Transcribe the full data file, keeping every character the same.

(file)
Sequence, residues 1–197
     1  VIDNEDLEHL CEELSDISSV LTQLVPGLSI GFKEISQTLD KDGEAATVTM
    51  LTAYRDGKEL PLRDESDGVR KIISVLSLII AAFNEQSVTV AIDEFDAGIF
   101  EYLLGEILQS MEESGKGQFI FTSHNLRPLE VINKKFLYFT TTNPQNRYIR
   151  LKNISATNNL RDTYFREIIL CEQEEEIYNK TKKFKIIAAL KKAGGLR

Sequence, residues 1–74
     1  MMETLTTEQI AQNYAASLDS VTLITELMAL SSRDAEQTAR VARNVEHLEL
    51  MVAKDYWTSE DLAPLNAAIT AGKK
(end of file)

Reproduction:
Sequence, residues 1–197
     1  VIDNEDLEHL CEELSDISSV LTQLVPGLSI GFKEISQTLD KDGEAATVTM
    51  LTAYRDGKEL PLRDESDGVR KIISVLSLII AAFNEQSVTV AIDEFDAGIF
   101  EYLLGEILQS MEESGKGQFI FTSHNLRPLE VINKKFLYFT TTNPQNRYIR
   151  LKNISATNNL RDTYFREIIL CEQEEEIYNK TKKFKIIAAL KKAGGLR

Sequence, residues 1–74
     1  MMETLTTEQI AQNYAASLDS VTLITELMAL SSRDAEQTAR VARNVEHLEL
    51  MVAKDYWTSE DLAPLNAAIT AGKK